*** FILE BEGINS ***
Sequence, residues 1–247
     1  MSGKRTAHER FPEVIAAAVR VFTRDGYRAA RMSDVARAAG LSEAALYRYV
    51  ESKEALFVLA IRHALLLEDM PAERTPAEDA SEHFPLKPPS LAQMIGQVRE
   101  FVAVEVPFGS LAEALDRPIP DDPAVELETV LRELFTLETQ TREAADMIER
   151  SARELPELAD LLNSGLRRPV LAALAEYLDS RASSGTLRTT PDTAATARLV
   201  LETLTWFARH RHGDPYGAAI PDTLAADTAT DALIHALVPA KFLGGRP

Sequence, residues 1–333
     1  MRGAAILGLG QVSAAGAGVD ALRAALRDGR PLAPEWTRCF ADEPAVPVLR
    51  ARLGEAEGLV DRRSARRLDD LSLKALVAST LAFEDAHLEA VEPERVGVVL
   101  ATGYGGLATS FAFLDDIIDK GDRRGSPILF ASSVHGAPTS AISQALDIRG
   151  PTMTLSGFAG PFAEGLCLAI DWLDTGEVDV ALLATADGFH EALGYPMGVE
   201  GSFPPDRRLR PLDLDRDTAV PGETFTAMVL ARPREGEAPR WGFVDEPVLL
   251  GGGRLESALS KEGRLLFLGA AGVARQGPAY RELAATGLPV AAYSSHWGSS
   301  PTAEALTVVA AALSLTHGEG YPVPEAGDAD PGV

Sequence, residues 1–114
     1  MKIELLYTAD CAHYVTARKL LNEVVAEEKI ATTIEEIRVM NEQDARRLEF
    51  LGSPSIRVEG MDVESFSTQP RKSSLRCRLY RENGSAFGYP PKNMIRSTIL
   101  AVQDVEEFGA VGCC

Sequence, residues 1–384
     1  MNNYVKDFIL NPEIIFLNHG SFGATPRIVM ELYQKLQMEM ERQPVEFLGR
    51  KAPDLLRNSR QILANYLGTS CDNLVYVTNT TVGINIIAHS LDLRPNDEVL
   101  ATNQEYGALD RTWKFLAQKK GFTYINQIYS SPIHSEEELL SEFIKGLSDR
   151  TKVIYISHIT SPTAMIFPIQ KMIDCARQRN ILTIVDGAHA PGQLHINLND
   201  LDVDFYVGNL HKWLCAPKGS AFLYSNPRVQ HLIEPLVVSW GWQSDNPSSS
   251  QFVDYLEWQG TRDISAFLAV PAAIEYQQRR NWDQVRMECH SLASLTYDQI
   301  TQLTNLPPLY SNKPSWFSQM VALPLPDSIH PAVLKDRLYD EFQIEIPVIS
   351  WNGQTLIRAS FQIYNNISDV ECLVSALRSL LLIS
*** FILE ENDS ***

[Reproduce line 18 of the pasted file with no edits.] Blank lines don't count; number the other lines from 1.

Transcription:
   101  AVQDVEEFGA VGCC